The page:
Have you ever heard of the “WARN Act?”
It is a federal law signed in the waning days of President Ronald Reagan’s administration. Basically, it requires medium and large employers to give a 60-day notice before mass layoffs occur. You can quibble with specific provisions, but the general idea makes good sense.
Give people a heads up with some lead time so they can get their affairs in order. What’s wrong with that?
There are exceptions. Natural disasters are unforeseen and can relieve an employer from the law. Coronavirus almost certainly counts under that catch-all.
But businesses don’t have a WARN Act when it comes to sudden government action. That became painfully clear on Wednesday.
A month ago, Maine’s small businesses were faced with a mayday May Day. In late April, Gov. Janet Mills released her “reopening” plan full of seemingly arbitrary dates to implement various “phases.” It was a bad idea; putting targets on the calendar months ahead was folly when the situation continued to evolve weekly.
Nevertheless, Maine citizens reacted to the plan. Plenty of debate surrounds its wisdom, but for the most part, they arranged their affairs accordingly.
Yet those dates — particularly “June 1” — served as a lodestar to many small businesses hoping to survive. To steal a line from Robin Williams’ famous standup, it was like the flag on the green in golf: it’s there “to give you fricking hope!”
Our golf courses opened May 1.
On May 8, 10 days after the governor first released her plan, she significantly changed it. “Rural reopenings” for retail were permitted on May 11 in 12 counties, with their restaurants to follow a week later on May 18 in these counties.
Retailers had to scramble to prepare with only three days notice. But restaurants, with perishable inventory and staff dependent on tips, had 10 days. Yet, since it was good news, many small businesses were happily surprised and went right to work.
That brought us to May 19, when Mills changed the plan again. Gyms were slated to open on June 1. When hard-hitting science — as well as common sense — revealed that enclosed areas where people breathe heavily might present a particularized risk with a respiratory virus, their reopening was paused. With 13 days’ notice, it undoubtedly created problems for those small businesses, but at least they had some lead time.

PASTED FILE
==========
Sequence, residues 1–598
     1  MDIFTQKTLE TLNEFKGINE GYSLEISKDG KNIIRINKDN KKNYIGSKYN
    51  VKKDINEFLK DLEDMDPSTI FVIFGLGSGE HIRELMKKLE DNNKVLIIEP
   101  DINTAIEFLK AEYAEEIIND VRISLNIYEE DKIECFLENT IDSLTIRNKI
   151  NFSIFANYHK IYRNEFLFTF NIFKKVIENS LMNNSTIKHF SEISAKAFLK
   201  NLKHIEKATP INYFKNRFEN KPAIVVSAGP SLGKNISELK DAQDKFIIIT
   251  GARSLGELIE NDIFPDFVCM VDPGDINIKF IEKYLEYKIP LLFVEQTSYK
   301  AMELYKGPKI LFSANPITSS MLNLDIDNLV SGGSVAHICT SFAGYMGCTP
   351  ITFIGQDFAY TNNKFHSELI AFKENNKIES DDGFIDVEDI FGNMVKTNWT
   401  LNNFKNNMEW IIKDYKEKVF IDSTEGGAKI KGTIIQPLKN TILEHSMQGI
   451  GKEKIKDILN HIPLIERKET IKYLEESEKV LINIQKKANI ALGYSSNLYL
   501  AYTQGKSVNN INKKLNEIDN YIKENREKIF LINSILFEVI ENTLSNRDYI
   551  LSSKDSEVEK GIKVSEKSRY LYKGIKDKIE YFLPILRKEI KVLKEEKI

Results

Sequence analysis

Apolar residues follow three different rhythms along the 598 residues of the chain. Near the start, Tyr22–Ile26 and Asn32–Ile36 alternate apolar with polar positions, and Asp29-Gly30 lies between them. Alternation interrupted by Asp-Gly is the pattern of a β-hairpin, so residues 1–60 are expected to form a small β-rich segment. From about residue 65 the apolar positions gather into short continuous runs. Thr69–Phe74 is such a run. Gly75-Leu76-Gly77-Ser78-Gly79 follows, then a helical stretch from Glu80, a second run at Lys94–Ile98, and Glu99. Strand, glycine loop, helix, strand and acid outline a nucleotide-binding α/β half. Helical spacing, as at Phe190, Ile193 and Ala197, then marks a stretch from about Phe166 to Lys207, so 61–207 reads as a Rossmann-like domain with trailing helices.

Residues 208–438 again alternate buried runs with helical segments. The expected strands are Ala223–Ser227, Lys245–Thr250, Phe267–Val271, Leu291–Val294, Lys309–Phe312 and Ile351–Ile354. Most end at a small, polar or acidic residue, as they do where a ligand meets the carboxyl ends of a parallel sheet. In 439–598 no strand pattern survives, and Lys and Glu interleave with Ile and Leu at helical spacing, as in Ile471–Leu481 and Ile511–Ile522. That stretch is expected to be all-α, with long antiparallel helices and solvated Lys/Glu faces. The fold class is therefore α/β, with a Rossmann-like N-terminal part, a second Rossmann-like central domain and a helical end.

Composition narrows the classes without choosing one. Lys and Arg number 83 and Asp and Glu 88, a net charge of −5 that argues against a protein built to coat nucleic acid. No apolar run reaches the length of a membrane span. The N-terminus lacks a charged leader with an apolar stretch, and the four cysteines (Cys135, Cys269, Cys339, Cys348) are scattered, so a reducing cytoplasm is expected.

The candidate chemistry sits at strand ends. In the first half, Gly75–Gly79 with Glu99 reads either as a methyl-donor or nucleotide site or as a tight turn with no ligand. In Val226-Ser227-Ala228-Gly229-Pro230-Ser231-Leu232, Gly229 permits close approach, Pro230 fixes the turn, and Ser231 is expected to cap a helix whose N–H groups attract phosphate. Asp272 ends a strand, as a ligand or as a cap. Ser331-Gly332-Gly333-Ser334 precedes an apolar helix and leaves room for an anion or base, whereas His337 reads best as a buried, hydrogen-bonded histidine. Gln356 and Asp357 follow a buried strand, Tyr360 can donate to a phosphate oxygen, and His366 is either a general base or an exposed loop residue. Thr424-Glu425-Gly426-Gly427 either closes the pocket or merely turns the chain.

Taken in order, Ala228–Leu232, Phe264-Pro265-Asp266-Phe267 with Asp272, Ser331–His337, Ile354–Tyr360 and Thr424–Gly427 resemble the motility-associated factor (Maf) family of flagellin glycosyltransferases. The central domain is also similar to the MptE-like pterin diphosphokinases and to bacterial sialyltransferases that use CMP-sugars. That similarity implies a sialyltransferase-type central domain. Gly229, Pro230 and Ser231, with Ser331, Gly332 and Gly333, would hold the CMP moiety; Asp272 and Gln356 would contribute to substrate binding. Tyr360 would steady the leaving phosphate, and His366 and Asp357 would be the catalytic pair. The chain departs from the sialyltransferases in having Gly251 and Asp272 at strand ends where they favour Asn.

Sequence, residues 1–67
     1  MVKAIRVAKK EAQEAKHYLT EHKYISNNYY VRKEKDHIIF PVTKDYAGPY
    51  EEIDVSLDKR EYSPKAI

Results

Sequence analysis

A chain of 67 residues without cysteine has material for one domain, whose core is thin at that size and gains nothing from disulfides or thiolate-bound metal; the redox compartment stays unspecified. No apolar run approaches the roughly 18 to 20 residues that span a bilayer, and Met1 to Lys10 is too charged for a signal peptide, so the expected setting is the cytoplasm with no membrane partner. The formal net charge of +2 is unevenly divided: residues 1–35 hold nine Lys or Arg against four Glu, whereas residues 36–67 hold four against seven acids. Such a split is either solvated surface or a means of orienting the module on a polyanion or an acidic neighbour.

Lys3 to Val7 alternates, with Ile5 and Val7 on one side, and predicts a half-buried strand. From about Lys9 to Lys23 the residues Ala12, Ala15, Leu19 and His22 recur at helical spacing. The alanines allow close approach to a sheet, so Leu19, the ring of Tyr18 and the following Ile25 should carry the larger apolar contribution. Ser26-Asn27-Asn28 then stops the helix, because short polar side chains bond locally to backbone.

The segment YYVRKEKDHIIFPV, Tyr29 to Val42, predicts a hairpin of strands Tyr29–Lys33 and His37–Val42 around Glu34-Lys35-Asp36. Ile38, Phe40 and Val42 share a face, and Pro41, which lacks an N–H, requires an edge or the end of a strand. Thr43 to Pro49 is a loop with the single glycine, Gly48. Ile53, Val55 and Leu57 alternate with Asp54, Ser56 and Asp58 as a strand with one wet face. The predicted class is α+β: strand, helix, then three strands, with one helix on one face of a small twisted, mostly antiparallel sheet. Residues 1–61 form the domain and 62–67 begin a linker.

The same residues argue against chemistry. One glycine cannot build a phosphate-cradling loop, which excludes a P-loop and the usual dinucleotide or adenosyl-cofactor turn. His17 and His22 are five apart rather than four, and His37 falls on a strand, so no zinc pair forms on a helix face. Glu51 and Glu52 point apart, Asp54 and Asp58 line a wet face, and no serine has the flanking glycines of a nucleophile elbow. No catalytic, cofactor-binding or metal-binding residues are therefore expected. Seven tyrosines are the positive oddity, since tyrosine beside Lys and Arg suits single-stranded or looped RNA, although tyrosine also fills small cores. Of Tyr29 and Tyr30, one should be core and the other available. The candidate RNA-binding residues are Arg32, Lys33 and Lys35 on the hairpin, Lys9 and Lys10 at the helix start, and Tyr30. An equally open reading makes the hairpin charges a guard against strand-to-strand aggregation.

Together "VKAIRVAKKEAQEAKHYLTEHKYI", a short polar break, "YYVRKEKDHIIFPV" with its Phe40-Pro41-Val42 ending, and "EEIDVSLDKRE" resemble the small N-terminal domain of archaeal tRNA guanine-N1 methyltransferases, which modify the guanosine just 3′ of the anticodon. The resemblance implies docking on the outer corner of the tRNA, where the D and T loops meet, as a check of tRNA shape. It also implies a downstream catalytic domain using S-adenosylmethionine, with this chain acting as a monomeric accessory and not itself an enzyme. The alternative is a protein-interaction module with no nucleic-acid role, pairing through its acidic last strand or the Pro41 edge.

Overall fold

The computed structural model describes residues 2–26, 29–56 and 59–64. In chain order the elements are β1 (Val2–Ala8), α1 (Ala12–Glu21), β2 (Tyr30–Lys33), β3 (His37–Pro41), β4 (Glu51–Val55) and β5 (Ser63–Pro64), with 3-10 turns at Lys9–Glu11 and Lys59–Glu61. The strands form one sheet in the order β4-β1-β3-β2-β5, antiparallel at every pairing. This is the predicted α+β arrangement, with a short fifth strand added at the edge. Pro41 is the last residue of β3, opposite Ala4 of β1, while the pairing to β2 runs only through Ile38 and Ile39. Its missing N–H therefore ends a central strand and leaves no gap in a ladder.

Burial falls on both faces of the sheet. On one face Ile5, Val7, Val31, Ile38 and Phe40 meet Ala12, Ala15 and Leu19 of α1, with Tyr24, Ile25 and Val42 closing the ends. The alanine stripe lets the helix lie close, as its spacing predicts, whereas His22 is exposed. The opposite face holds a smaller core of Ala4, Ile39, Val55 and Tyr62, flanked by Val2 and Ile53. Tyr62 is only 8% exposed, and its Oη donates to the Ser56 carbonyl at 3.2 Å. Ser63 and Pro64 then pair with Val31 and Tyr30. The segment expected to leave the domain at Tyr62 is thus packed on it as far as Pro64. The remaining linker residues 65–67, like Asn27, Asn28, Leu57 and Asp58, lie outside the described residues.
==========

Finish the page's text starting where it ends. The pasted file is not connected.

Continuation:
Then, this week, countless Maine businesses were walloped without warning.
That June 1 date had been circled by many small restaurants in the southern part of our state. As it approached, entrepreneurs and their teams began to study up on how to operate safely to keep customers and employees healthy. Creative businesses tried to find ways to give their people the best of both worlds — normal paychecks and enhanced unemployment — to protect their financial health.
None of this happens at a drop of a hat. Cleaning and preparing spaces takes time; the last thing anyone wants is an outbreak of Legionnaire’s disease. As headlines have told, supply chains have been disrupted during this pandemic. So, to open a restaurant, you have to order food. Getting it in stock takes time. Figure a week, at least.
On Wednesday, Mills took to the podium at 2 p.m. for the daily COVID-19 briefing. That is when she announced, with five days’ notice, that restaurants in Cumberland, York, and Androscoggin counties cannot open for in-house dining on June 1 after all.
No WARN Act here.
Outdoor dining is still permitted. But who wants to eat outside in the rain? That uncertainty means those food orders placed Monday and Tuesday are now out of whack. But, of course, the business still has to pay the bill once it shows up.
This is the problem that became perfectly clear when arbitrary dates were placed on the “reopening” plan. Businesses cannot simply snap their fingers and make things so. It takes time, deliberate planning, money, effort, and coordination to do something as seemingly simple as serving a salad with a soda.
The WARN Act makes employers give employees a heads up with some lead time so they can get their affairs in order. What’s good for the goose is good for the gander; employers deserve the same courtesy from their government, even if there is not a law.
If the Mills administration believes Maine should remain partially locked down, despite having effectively zero “excess deaths” during this pandemic, then say so plainly. We can have that debate. But offering false hope, only to backtrack at the last minute, is pretty poor policy.